It is because of AI’s potential to change the world – for both good and bad that many feel it needs to be regulated. In May of this year, the CEO of Google Sundar Pichai said that “AI is too important not to regulate, and too important not to regulate well.”
The explosion of AI and the hype around it has led to an increasing degree of regulatory scrutiny and around the world we are seeing different approaches being taken to regulation of AI but also some commonalities in the approaches.
UK and EU’s Stance on AI Regulation
Both the European Union and the United Kingdom have stepped up to the AI regulation plate with enthusiasm but have taken different approaches:
The EU has put forth a broad and prescriptive proposal in the AI Act which aims to regulate AI by adopting a risk-based approach that increases the compliance obligations depending on the specific use case. The UK, in turn, has decided to abstain from new legislation for the time being, relying instead on existing regulations and regulators with an AI-specific overlay.
In the EU the thinking is about “empowering people with a new generation of technologies” whereas in the UK the thinking is about “driving growth and unlocking innovation.”
How will the EU Regulate AI?
The EU is looking to put in place what is probably the most ambitious framework in the world in terms of AI regulation.
It is very much aiming to be a global leader in AI regulation, in much the same way as it has with data protection via the GDPR.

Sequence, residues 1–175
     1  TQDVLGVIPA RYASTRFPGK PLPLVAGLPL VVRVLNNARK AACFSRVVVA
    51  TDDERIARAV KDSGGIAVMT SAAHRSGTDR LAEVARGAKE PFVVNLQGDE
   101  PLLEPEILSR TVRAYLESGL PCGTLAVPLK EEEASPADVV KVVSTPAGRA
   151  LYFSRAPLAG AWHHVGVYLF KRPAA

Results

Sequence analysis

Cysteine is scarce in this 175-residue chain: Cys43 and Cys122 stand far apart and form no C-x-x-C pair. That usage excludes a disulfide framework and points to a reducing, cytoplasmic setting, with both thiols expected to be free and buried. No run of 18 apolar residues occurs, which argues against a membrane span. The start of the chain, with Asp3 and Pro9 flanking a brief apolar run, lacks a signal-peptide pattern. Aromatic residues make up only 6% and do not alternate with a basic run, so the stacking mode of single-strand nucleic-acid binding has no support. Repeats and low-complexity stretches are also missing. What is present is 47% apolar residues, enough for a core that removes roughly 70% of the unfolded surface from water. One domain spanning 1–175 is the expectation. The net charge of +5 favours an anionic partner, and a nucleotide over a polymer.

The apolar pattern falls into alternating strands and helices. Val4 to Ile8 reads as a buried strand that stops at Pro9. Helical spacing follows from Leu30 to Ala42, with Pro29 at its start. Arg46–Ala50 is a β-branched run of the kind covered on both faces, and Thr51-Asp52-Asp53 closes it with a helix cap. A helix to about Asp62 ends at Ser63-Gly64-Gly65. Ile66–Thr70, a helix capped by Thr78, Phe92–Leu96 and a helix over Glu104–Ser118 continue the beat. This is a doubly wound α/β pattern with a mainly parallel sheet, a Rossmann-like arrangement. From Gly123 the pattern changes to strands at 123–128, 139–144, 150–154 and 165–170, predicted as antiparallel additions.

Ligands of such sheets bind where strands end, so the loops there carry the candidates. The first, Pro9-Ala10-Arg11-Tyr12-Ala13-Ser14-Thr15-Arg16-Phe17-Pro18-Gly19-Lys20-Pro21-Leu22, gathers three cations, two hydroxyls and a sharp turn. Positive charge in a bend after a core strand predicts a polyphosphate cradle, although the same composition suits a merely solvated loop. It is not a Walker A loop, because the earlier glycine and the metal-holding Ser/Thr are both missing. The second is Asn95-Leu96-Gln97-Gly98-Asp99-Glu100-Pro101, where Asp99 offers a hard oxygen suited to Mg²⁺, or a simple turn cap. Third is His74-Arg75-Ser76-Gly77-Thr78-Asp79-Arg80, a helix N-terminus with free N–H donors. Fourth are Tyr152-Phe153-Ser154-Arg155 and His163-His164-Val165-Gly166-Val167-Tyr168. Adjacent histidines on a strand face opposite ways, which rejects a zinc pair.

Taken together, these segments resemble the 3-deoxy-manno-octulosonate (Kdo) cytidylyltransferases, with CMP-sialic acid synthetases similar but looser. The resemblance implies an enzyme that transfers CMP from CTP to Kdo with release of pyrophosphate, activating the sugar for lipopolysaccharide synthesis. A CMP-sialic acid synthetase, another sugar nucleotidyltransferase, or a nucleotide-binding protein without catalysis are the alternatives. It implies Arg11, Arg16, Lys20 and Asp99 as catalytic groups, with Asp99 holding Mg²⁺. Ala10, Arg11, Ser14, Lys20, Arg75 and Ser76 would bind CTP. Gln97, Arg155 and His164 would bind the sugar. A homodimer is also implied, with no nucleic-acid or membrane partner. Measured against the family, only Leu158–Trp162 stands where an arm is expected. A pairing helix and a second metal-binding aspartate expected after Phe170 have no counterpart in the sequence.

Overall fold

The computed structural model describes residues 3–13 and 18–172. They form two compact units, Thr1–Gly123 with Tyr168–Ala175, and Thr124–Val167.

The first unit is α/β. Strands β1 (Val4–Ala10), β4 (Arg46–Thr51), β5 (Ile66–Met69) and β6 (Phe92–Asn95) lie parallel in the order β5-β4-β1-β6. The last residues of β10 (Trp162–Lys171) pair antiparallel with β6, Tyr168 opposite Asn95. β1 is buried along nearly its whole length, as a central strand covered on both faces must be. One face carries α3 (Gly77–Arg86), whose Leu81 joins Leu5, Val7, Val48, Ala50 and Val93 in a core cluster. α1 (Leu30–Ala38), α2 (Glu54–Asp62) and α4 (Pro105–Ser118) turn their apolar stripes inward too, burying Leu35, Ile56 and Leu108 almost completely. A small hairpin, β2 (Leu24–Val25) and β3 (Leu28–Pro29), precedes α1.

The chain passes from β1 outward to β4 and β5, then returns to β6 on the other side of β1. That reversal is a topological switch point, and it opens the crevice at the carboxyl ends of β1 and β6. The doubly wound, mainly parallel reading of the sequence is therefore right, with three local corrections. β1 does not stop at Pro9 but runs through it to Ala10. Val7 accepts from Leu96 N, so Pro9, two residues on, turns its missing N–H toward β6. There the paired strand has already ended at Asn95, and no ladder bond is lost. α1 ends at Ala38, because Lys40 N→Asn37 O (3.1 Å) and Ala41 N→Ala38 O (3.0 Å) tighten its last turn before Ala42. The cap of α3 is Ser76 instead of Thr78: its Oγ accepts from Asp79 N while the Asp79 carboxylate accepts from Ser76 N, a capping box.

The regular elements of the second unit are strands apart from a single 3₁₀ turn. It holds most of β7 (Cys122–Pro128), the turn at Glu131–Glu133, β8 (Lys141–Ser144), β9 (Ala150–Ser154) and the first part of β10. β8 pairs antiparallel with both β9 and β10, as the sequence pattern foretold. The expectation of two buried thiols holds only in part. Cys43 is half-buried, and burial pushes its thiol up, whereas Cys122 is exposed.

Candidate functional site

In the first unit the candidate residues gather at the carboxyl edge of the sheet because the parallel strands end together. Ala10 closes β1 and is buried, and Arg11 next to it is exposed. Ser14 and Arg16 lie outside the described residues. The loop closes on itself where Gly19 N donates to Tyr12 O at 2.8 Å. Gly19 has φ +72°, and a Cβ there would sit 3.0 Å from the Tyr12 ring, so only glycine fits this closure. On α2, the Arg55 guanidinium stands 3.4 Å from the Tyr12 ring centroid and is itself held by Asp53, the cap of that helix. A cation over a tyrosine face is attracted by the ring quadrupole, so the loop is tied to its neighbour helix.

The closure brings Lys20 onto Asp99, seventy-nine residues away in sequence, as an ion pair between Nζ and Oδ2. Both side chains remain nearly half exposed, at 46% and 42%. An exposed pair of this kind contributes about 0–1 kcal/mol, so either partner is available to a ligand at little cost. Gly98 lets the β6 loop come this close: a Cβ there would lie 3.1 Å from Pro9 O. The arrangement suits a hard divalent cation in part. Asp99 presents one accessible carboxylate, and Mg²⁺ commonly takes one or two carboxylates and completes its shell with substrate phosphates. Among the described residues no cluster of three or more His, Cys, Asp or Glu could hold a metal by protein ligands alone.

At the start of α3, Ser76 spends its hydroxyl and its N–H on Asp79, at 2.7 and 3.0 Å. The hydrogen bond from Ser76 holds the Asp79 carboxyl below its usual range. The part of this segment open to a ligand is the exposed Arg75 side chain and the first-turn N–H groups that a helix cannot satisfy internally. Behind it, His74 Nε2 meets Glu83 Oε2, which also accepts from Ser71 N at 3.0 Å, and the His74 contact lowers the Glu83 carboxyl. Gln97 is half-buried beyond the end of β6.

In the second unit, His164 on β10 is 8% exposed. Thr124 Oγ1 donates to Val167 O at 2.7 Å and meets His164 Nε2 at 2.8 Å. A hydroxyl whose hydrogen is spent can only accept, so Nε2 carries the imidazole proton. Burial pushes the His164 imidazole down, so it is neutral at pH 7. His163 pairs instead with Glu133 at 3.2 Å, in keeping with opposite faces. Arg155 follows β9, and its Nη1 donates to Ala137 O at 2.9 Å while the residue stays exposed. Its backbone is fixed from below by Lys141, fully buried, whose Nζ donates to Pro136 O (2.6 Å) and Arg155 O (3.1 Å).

What the EU AI Act does it that it looks at the risk of AI systems and it tries to deal with the risks in a practical way by categorising AI systems into 4 levels of risk which are: unacceptable, high, limited, and minimal or no risk.
If it is passed, it will require companies to assess AI system risks before those systems are put into use.
Companies will be required to obtain permits for high-risk AI, and provide transparency and accountability for those high risk AI systems.
How will the UK Regulate AI?
The UK is not proposing to create umbrella legislation. Instead its approach, which is set out in a white paper published in March 2023 sets out the ambition of the UK being “the best place in the world to build, test and use AI technology”.
Broadly speaking the approach in the White Paper Establishing a pro-innovation approach to AI regulation rests on two main elements: firstly, AI principles that existing regulators (such as the ICO and the FCA (Financial Conduct Authority)) will be asked to implement, and secondly, a set of new ‘central functions’ to support this work.
Global Standards for Regulating AI
The regulation of AI is a complex and whether there will eventually be a true global standard for AI regulation remains to be seen.
However, companies should not wait until there is a clear regulatory framework in place in their jurisdiction as there are key things they can do now including:
- making sure that boards can demonstrate board-level oversight of AI risks. That involves asking the management to put AI on the agenda of board meetings to receive both management’s views and perspective from outside advisors.
- determining who is responsible for AI governance within their organisation and establish an AI committee.
- putting in place policies that govern the development and use of AI, and making sure that those policies align with the approach to regulation taken in the jurisdiction or jurisdictions which are relevant to their business.
- keeping a register of their use of AI tools and systems to understand how AI is used within their organisation.
- watching legislative and regulatory developments that apply to their business, such as the proposed EU’s AI Act and AI Liability Directive, and any new or updated guidance from UK regulators (which is expected within the next 6 to 12 months.